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convenience store

How to Run a Convenience Store

Learn the ins and outs of running a profitable convenience store.

A convenience store can best be described as a one-stop shop, an all-in-one, or a grab and go. All of these monikers highlight its main attribute — convenience.

Encompassing a little bit of everything, the convenience store is a hybrid business. It might include a grocery store, gas station, liquor store, tobacco store, postal service, fast food restaurant, and more.

The convenience store industry in the U.S. made up to $601 billion in 2017. So how can you tap into this lucrative opportunity? The key is knowing how to deliver convenience. 

What customers really want

The main objective of a convenience store is to give customers what they truly want most — more of their time. By offering multiple services and products under the same roof, convenience stores do just that. In our fast-paced society, consumers are willing to pay big bucks for a few extra minutes.

As convenience is the name of the game, location is crucial. One major advantage corner stores enjoy is the opportunity for sustained success in many places, serving multiple types of customers.

The suburban parent, the blue-collar and white-collar worker, and the Millennial can each find value in shopping at a convenience store—the demand for quick and easy shopping is universal.

That being said, you need to recognize that location will influence your success. It’s important to be visible and accessible. You’ll want to make an informed decision about your location in terms of the number of passers-by you’ll attract.  

Be an expert in what you are selling

If you’re an “all-in-one” provider, it’s important to understand that you are faced with a high volume of both direct and indirect competitors. Other corner stores are your direct competitors and specialized stores, such as grocery stores, liquor stores, and others, are your indirect competitors.

Remember that they’re all fighting for that same slice of pie. Make sure that you can deliver a streamlined experience and superior customer service, whether it be in gas service and prices or your selection of ready-made foods.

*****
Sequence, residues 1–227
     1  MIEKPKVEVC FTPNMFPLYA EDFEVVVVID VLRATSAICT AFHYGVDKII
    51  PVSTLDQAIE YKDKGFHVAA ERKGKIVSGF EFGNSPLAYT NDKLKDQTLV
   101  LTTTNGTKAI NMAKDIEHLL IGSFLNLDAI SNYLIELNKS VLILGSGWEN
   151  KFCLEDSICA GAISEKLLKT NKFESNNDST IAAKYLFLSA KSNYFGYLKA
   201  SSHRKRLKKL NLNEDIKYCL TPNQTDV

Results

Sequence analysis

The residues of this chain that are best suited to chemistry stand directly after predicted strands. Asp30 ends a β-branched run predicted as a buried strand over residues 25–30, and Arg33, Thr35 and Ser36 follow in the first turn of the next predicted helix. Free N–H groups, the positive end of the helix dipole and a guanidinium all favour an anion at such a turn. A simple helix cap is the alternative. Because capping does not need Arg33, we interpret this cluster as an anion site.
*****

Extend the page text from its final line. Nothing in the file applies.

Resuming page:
This ties deeply into the importance of capital investment. You need to have the appropriate funds to start and support all initiatives for the services and products you intend to offer. At the end of the day, it’s better to not offer a service at all than to offer a service and execute it poorly.

You’ve got to walk before you can run

If you’re getting into the convenience store business, do not make the mistake of spreading yourself too thin. Trying to be everything to everyone is impossible. Know your limits, test the waters and, if anything, build up your store and your offerings a little at a time.

Once you establish who your primary customers will be, you will know what products and services you should be offering. The suburban family and the urban businessman may have different ideas of what convenience means to them and you’ll have to select your offerings accordingly. 

Work with your suppliers

Your suppliers are your bread and butter. You are dependent not only their products, but also on their support. Piggyback off their efforts and marketing assets because, in reality, your success is their success.

Ask for in-store material, possible promotions or any public relations initiatives you can support. A customer associating you with a brand they already know and trust builds up your own credibility. This will also improve your relationship with the supplier, making your relationship smooth and profitable.

Use the consumer buying process to your advantage

A convenience store is designed to offer customers the freedom to venture through the buying decision process quickly and in one place. This is a huge advantage for business owners. A customer will be able to search for information, evaluate alternatives, make a decision, and actually purchase all within the average three to four minutes they are in your store.

You may even be able to spark the first step in the process: problem recognition. Forty-five percent of customers who go buy fuel end up buying a beverage, and thirty-six percent go in the store to buy food. Capitalize on these last-minute purchases by offering a variety of “convenient” items within an arm’s reach.

Keep-up with trends

The nature of being a corner store owner is catering to your customers' needs and wants. Not only do you have to offer them the intangible benefits of time and simplicity, but tangible benefits as well.

Be aware of changes in their lifestyles and new trends they are following. For example, Americans are more health conscious than ever. Work this into your business by introducing wholesome brands or offering pre-made healthy food options instead of just hot dogs and frozen burritos, for example.

If you’re interested in owning one of the many convenience stores for sale in the U.S, you’ll have to tap into several different industries simultaneously. Giving customers the gift of time opens the gates to a very profitable business venture.

By considering the tips outlined in this article and diligently researching any stores available for sale, you can be on your way to a successful future as a convenience store owner.



Bruce Hakutizwi

About the author

USA and International BusinessesForSale.com Manager for BusinessesForSale.com, a global online marketplace for buying and selling small medium size businesses. The website has over 60,000 business listings and attracts over 1.5 million buyers to the site every month.

@BizForSaleUS

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